Darlings, Sewing Kittens,
Minions Dearest Readers,
Your beloved Pressinatrix would like a word with you. Dears, it has come to The Pressinatrix’ attention that there has been some inquiry in the blogosphere lately about pressing and pressing tools. Well never you fret, my pressing poppets. Your Pressinatrix is here for you, with information that while being witty and pithy, is also going to make sure that you always, always have results that will elicit coos and gasps of admiration from the
hoi polloi non-sewing masses – and even (especially!) from the sewing cognoscenti – when you wear your perfectly pressed garments in public.
First up, let us review the basics. Of course, you all read religiously The Pressinatrix’ posts about proper pressing technique and tools, no? Of course you do. But just to remind you,
Click Here to See a Compendium of The Pressinatrix’ Posts on Pressing and Pressing Tools
And if you prefer your information in a more videographic medium, Click Here to See a Video About Pressing.
There, isn’t that refreshing? But that’s not all that The Pressinatrix has to share with you. Currently, Ann, The Pressinatrix’
lesser self alter ego, is working on a marvelous Marfy coat. Very Burberry, darlings, but with a longer capelet. She will, thanks to The Pressinatrix, look fabulous in it. Why? Because The Pressinatrix is making sure she properly performs each pressing process with particular precision. Oh, The Pressinatrix does amuse herself!
This coat requires work to make sure that it looks like the many-thousands-of-dollars garment to which it is equal or superior. That means much time and care will be spent shaping it with steam, heat and pressure. Not all of these are applied at the same time, which is a very important point. Remember, kittens, it is possible to over-press a garment, and your Pressinatrix would never want you to do that. So here are a few illustrations to show you how to use your plethora of pressing tools to help you achieve great results. First up, let’s talk about the biggie – your iron. Believe it or not, when working with many fabrics: wool, cotton, linen and more, you don’t have to press down hard, or even apply the iron directly to the fabric. You can let the steam do most of the work. Steam is a wonderful tool for shaping natural fabrics (and even many synthetics). You don’t need to slam your iron down onto the fabric. In this picture, The Pressinatrix is holding the iron a teensy bit above the collar seam. Note the ham, darlings, note the ham. Always press curved seams over a curved surface. After blasting the seam with steam, flat on both sides of the sewn seam:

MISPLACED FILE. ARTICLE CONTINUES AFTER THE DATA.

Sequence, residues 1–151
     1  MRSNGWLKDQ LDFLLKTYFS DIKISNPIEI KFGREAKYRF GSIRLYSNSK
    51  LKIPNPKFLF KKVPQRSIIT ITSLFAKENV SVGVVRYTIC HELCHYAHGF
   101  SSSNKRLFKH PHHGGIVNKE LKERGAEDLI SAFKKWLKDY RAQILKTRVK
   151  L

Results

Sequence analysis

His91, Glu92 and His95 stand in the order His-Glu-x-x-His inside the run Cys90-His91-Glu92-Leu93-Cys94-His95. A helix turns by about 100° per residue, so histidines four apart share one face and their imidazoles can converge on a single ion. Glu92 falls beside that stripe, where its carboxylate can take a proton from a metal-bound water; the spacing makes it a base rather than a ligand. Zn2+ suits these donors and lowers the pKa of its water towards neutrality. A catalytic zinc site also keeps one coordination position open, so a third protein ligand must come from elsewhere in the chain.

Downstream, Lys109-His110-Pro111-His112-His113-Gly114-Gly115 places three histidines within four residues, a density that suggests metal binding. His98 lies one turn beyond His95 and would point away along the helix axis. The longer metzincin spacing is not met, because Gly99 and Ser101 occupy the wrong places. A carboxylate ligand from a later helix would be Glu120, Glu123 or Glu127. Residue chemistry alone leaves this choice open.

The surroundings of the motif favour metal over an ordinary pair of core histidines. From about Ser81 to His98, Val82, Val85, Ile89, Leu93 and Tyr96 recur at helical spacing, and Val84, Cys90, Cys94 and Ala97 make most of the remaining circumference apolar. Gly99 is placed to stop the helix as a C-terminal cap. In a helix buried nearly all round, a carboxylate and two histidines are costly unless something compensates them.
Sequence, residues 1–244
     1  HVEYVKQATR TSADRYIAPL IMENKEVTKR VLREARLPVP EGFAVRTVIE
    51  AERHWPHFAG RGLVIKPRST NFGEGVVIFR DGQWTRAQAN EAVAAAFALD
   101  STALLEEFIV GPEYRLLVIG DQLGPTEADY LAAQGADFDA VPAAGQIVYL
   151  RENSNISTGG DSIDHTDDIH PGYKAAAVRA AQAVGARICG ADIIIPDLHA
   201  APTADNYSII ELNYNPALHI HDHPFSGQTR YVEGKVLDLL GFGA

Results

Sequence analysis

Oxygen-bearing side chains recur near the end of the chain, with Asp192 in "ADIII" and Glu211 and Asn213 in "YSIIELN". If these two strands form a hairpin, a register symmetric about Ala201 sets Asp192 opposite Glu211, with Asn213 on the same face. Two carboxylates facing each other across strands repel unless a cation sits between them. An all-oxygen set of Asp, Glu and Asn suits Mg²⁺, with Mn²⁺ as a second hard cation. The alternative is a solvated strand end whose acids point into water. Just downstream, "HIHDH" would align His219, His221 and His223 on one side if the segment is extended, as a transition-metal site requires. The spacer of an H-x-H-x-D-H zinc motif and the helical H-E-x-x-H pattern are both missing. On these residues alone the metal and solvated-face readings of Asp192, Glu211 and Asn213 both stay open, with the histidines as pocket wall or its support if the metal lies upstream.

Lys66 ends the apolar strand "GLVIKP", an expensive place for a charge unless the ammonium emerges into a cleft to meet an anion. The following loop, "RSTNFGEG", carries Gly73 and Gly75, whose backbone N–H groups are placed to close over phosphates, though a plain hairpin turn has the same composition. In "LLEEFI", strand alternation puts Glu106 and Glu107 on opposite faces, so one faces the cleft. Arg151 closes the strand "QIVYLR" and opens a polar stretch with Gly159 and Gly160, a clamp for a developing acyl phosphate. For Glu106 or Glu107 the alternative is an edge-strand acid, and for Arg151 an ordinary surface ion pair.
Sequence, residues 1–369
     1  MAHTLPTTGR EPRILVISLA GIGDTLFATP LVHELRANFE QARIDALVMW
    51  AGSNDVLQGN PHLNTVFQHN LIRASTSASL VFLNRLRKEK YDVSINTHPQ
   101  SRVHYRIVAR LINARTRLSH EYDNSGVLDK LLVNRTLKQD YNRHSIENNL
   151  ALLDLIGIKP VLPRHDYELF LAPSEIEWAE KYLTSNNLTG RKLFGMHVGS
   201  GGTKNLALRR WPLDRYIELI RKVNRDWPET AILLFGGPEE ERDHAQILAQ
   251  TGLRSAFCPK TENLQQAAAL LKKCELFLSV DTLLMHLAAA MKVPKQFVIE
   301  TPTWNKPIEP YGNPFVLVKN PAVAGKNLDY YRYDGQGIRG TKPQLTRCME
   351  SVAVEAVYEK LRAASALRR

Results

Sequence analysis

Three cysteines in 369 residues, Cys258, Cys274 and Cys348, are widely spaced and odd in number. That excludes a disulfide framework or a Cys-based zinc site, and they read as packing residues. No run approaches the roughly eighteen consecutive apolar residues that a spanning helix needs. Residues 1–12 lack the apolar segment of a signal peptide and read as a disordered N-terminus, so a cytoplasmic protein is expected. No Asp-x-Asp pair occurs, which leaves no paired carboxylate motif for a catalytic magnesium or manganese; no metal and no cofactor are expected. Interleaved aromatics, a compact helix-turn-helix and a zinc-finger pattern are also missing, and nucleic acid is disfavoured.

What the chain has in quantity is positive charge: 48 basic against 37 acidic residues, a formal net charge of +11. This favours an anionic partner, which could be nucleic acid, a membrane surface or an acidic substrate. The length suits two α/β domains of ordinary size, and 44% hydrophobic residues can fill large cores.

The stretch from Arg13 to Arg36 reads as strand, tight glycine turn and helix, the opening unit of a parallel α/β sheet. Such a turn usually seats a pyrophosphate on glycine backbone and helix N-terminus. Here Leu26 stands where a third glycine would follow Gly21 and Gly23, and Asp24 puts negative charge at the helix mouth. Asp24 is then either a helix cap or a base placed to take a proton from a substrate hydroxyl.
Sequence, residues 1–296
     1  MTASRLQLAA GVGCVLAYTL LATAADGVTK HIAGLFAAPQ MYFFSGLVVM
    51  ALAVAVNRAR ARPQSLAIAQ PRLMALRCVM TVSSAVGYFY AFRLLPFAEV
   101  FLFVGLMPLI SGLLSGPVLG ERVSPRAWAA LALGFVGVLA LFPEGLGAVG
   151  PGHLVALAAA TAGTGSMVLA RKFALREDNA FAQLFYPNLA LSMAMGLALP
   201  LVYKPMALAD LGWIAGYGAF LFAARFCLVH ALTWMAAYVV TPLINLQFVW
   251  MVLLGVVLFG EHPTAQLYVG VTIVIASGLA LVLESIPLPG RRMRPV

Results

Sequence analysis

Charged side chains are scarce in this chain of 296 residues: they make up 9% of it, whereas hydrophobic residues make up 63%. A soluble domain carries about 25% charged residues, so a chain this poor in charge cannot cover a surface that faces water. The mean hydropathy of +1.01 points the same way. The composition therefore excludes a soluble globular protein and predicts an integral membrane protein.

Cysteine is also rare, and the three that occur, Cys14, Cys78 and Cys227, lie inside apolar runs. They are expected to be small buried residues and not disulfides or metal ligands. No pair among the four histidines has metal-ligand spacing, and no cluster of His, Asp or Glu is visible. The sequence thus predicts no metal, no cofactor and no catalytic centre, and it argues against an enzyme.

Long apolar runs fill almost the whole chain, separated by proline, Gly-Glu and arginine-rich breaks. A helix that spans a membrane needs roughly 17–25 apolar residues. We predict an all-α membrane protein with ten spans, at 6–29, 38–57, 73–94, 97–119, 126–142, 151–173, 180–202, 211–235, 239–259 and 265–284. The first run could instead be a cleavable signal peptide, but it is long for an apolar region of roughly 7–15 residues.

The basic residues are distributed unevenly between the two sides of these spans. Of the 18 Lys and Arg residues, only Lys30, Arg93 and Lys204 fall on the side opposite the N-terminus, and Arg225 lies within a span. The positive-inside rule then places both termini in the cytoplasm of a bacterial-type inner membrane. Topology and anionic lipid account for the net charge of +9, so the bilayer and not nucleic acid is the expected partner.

Please pardon The Pressinatrix’ cell phone pictures. Now hold your iron about a quarter inch above your garment and blast that puppy with steam.
then open, the results are simply, well gorgeous.
Oh, isn’t that seam just glorious?
Next up, The Pressinatrix used a marvelous little tool called a clapper. The Pressinatrix bought hers from a wonderful eBay seller, but you can use a smooth block of hardwood (maple, oak or cherry, for example) with great results. To give a crisp edge to the finished cape pieces, The Pressinatrix simply holds the iron right above the edges and steams thoroughly. Immediately after taking the iron away, The Pressinatrix takes the clapper to the edge and lightly applies pressure until the fabric has cooled to the touch.
Light pressure will do the trick.
Contrary to what you may have heard, you don’t need to lean on it with all your body weight. Yes, there are some wools (meltons, very heavy boiled wools are two) where you need to put a lot of pressure on the fabric, but it is most definitely not the case in every instance. So The Pressinatrix urges you to test some scraps of fabric. After all, we want your garment to look couture, not, “pressed to death”.
Now, isn’t that Gorgeous?
And finally for this evening, let’s talk a little about darts. Your Pressinatrix sewed the darts in the sleeve cape and pressed them open over a ham:
It is important to position your dart carefully on the ham to match the curvature, thus avoiding the dreaded “dart end bubble”
As with the rest of this garment, I have used lots of steam and a modicum of pressure to get the results I want. And this is the result The Pressinatrix wants:
A no-bubble dart
My dears, The Pressinatrix is tired, and has much to do on her
lesser self’s alter ego’s coat before it is done, so I shall bid you bon soir, bon nuit, and